Parents and educators alike have good reason to be concerned about the appalling statistics on the reading proficiency of America’s school children. A recent report by the Annie E. Casey Foundation, EARLY WARNING! Why Reading by the End of Third Grade Matters, presented some of the frightening statistics. Approximately one-third of 4th graders are reading below the basic level on the NAEP (National Assessment of Educational Progress), and two-thirds are below proficient. The results are even more staggering for low income students where half are below basic and 83% are below proficient. With reading deficiencies such as these, many American children are on the fast track to dropping out, not just from school, but from the American dream and the road to economic prosperity. The time to address this problem is now.
As a parent, there are many things you can do to develop your child’s reading skills and set the stage for success in school as well as later in life.
- Create a daily reading routine with your child, beginning in infancy, not just during the school year and during the summer to prevent learning loss. As children develop their reading skills, continue to read to them or ask them to read to you, eventually transitioning to silent reading.
- Model reading for your child, demonstrating that reading is important.
- As children are developing their reading skills, point out letters on signs and labels.
- Help your child practice their writing skills by writing notes or making shopping lists.
- Tell family stories or recite folk tales.
- Engage your child in meaningful conversations during routine activities such as driving in the car or doing chores together. These language-rich activities plant the seeds that encourage a lifelong love of reading.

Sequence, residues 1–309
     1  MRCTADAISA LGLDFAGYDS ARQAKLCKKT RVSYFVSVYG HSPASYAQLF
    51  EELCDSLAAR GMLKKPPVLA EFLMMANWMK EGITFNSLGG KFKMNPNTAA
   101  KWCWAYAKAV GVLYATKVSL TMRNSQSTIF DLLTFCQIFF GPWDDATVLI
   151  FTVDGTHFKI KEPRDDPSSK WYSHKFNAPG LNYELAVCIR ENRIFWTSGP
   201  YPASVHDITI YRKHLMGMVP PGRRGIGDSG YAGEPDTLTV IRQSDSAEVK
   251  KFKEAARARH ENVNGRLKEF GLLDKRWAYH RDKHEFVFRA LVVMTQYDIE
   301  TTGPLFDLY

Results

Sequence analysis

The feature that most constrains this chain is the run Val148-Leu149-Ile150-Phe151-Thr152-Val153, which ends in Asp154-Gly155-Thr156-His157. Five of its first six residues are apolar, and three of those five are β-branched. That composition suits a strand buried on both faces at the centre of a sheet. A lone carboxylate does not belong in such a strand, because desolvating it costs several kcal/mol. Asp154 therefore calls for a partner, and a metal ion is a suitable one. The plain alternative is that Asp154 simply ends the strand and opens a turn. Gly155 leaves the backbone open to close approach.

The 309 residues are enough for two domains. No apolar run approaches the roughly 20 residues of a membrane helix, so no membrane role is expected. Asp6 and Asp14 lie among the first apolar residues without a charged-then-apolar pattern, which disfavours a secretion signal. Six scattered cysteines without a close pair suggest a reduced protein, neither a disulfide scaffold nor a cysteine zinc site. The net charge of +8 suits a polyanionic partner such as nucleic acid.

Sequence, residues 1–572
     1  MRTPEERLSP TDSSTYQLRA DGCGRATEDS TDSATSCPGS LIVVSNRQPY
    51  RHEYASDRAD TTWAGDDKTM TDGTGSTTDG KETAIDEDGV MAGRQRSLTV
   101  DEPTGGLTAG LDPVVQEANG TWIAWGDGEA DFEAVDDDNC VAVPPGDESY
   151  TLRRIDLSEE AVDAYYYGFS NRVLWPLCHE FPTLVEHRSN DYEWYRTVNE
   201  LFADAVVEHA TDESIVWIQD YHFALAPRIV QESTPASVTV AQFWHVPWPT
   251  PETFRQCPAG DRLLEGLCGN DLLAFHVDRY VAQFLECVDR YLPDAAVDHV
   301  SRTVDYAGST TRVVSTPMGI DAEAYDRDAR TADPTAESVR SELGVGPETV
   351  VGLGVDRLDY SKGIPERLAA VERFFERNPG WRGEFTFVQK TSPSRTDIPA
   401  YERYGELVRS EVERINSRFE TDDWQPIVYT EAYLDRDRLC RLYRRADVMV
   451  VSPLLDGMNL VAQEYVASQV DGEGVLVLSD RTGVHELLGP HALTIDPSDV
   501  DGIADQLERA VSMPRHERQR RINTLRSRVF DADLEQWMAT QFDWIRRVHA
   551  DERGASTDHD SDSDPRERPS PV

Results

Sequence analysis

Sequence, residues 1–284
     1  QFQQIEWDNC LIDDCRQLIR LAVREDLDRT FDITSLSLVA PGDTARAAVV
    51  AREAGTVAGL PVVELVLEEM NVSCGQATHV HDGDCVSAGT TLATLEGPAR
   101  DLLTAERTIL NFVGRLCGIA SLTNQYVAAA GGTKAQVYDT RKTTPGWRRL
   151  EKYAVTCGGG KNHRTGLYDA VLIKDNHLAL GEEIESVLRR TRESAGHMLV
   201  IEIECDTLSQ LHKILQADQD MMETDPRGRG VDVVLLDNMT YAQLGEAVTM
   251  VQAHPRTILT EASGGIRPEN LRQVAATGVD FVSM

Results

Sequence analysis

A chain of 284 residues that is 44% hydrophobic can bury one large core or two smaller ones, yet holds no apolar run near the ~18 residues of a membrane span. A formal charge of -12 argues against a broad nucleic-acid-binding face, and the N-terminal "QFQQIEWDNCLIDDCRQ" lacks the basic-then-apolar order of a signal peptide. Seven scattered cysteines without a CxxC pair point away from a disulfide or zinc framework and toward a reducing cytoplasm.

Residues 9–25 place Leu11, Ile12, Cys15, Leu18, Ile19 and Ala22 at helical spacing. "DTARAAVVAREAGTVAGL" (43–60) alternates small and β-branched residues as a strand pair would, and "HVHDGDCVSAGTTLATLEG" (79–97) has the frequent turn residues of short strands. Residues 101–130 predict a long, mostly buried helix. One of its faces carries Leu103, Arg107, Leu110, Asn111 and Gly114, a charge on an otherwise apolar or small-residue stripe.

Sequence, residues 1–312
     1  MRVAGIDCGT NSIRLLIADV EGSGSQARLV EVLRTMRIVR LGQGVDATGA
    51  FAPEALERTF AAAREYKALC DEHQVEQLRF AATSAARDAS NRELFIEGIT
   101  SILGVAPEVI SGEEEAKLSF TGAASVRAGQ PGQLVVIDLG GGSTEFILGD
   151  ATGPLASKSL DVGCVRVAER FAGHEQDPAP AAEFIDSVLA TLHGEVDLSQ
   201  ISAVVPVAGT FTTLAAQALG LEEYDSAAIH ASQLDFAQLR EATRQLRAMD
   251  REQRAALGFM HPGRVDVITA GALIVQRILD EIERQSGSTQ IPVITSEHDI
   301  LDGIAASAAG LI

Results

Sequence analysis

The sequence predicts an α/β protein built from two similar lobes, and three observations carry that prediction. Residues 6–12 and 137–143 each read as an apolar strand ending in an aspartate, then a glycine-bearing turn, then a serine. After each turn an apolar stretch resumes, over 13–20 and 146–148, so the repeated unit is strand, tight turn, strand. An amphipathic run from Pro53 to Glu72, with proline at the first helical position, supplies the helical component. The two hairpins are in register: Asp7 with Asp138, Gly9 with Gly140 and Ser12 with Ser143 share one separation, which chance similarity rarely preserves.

One community that is taking a laudable stance on promoting literacy is Sacramento, California where Mayor Kevin Johnson recently announced the launch of The Third Grade Reading Campaign, which aims to become a national model for promoting third grade literacy. The goal of the program is to ensure that all third graders in the greater Sacramento area are reading at grade level within a decade. With three major areas of focus—school readiness, school attendance, and ensuring summertime learning, Sacramento is one of, if not the first city in the nation to develop such a strong collaborative effort and targeted focus to tackle this pervasive problem.
And why the emphasis on third grade? Until third grade children are learning to read; after third grade they are reading to learn. Today, according to Mayor Johnson, only 39 percent of third graders are reading at grade level in Sacramento. Despite slight increases in academic achievement over recent years, the gap is not closing quickly enough.
At the Mayor’s press conference in late March, I had the privilege of speaking about Knowledge Universe’s support for this initiative and our commitment to Sacramento’s literacy campaign. As the nation’s largest provider of early care and education, we have the responsibility to ensure that our programs offer literacy rich environments where children have exposure to oral and written language at an early age –and to lend our expertise and resources wherever we can to help give every child in every community the gift of a lifetime—learning to read.
As the Executive VP of Knowledge Universe, Dr. Elanna S. Yalow, Ph.D., M.B.A. is responsible for supporting the global expansion of early childhood education programs. She is also a member of the Mom Congress Advisory Board.